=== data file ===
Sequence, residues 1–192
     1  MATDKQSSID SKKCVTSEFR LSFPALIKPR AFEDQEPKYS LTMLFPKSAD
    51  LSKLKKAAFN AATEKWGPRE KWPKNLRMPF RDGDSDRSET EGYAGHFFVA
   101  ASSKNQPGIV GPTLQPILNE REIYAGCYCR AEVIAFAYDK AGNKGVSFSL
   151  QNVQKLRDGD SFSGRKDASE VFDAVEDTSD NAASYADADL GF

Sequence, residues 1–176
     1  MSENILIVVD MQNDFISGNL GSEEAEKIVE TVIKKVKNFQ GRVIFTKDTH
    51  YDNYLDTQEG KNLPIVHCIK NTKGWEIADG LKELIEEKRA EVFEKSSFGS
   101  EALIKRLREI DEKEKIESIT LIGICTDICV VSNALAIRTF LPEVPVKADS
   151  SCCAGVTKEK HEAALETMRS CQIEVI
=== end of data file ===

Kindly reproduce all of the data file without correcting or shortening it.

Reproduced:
Sequence, residues 1–192
     1  MATDKQSSID SKKCVTSEFR LSFPALIKPR AFEDQEPKYS LTMLFPKSAD
    51  LSKLKKAAFN AATEKWGPRE KWPKNLRMPF RDGDSDRSET EGYAGHFFVA
   101  ASSKNQPGIV GPTLQPILNE REIYAGCYCR AEVIAFAYDK AGNKGVSFSL
   151  QNVQKLRDGD SFSGRKDASE VFDAVEDTSD NAASYADADL GF

Sequence, residues 1–176
     1  MSENILIVVD MQNDFISGNL GSEEAEKIVE TVIKKVKNFQ GRVIFTKDTH
    51  YDNYLDTQEG KNLPIVHCIK NTKGWEIADG LKELIEEKRA EVFEKSSFGS
   101  EALIKRLREI DEKEKIESIT LIGICTDICV VSNALAIRTF LPEVPVKADS
   151  SCCAGVTKEK HEAALETMRS CQIEVI